Has anyone come across this situation in their research of Hungarian roots?
At 12:00 AM -0600 11/29/00, JewishGen Discussion Group digest wrote:
Subject: Re: Jewish Marriages
From: "Doug Cohen" <DMCohen@...>
Date: Tue, 28 Nov 2000 21:33:52 -0500
Under Austo-Hungarian law, only one marriage permit was issued per family,
and then only if a significant fee was paid. For instance, if a family had
five children, only one could legally be married.
The result is that a great many couples were married by a Rabbi "according
to the law of Moses and the traditions of Israel", but not according to the
law of the Austro-Hungarian Empire. The marriage would therefore not be
recorded by the civil authorities.
Children of such couples would be listed in the Austro-Hungarian metrical
records as illegitimate.
Just another example of legal discrimination against Jews.
Note New E-Mail Address:
I have a question re the postings on Jewish Marriages in Poland. Did this
apply to Jewish marriages in Poland only? My husband's father was born in
Vienna, Austria in 1898, and was 2 yrs old when his parents emigrated to
the U.S. I received his birth record >from the Vienna source (through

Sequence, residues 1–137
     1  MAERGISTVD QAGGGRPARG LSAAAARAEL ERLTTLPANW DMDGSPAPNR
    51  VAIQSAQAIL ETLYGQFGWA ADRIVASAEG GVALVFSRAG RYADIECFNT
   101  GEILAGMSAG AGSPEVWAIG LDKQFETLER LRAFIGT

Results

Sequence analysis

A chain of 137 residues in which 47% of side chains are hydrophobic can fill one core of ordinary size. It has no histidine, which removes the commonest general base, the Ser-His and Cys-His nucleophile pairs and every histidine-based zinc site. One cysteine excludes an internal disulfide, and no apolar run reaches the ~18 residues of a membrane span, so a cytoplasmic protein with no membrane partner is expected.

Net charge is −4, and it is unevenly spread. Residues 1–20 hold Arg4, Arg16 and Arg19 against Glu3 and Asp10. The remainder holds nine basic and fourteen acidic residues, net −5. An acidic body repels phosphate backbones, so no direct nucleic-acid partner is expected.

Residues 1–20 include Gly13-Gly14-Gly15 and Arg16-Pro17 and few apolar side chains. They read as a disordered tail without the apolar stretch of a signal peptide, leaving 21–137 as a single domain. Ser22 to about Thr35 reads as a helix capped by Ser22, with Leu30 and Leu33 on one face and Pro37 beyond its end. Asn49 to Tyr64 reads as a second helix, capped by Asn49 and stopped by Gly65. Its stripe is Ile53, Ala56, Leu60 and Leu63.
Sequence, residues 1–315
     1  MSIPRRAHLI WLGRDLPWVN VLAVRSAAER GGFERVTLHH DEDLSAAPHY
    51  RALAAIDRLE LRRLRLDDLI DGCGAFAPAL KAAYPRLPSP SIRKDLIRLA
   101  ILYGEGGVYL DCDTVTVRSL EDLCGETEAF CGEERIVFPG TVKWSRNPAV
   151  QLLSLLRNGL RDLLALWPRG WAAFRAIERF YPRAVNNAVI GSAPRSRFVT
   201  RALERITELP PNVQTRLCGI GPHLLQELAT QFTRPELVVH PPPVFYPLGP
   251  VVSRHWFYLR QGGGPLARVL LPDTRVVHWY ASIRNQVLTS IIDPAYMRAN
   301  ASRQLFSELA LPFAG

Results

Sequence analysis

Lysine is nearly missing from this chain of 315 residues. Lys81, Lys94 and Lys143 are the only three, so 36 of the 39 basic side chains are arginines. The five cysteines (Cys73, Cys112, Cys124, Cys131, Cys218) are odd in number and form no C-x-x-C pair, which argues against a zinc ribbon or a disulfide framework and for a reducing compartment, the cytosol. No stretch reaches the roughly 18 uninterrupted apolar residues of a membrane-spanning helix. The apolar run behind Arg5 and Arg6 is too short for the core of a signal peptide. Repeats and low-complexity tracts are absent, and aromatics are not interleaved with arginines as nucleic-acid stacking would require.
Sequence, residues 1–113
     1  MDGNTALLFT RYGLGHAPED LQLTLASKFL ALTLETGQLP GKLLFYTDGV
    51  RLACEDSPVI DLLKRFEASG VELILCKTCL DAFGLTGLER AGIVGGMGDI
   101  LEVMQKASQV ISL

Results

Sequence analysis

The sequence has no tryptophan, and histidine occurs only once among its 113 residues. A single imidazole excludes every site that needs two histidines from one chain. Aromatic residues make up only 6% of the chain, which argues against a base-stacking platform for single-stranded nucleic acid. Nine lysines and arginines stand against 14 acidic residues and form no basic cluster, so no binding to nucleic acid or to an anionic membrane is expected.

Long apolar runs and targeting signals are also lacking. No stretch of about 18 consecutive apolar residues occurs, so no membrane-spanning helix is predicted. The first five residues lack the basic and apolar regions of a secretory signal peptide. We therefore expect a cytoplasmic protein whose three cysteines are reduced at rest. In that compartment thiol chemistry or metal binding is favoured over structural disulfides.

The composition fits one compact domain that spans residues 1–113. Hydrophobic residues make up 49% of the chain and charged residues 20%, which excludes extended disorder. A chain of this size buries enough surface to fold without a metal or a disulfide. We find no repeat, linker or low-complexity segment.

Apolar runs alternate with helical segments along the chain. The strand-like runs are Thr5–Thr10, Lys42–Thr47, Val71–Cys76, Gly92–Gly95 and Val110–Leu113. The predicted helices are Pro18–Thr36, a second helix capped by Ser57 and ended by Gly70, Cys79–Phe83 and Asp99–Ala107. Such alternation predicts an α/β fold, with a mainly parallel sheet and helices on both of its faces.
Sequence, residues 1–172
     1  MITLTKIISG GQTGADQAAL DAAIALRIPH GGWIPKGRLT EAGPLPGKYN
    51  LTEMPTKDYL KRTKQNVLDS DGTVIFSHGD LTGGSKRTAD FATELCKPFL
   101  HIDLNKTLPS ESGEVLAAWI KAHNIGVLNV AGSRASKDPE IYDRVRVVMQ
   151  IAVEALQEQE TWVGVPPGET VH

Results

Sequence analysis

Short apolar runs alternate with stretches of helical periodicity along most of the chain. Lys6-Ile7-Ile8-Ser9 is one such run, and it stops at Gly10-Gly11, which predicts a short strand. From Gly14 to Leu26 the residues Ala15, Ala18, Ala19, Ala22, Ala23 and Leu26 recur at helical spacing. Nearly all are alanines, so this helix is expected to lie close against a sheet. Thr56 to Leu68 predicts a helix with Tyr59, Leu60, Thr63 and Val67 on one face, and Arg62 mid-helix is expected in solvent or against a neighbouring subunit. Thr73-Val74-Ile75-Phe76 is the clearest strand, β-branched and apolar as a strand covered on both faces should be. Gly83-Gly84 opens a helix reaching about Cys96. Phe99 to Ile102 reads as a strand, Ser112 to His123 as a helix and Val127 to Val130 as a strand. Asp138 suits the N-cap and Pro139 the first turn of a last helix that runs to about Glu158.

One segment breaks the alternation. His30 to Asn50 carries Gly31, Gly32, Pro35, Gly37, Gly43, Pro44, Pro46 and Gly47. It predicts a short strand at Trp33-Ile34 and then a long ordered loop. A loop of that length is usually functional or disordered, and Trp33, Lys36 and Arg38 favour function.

JewishGen) and his father's surname does not appear anywhere on the birth
record. His mother's surname, Freedman is given and no name is given
for his father on the birth record.
I was advised that there was no marriage record in the Viennese archives.
And that probably the couple were married elsewhere and had not formally
registered their marriage in Vienna.
I have not been able to reconcile this since my husband's father and
mother emigrated to Vienna >from Lemberg and Lodz, respectively, and met
The passenger manifest records in 1900 for the family show the surname as
Markel, my husband's father's name.
Anyone have any information on the method of formalizing Jewish marriages
mod.- I wrote this reply privately to M. Cohen in response to his posting
shown above. It was written "shooting >from the hip" so I think others
here may wish to scrutinize my reply as well as the one >from M. Cohen.:
To M. Cohen:
Really! Can you cite the source of your statement? You are confusing the
Province of Galicia which became part of the Austrian Empire (there was no
Austro-Hungarian Empire until the Ausgleich of 1867) after the first
partition of Poland (if memory serves, that would be 1772).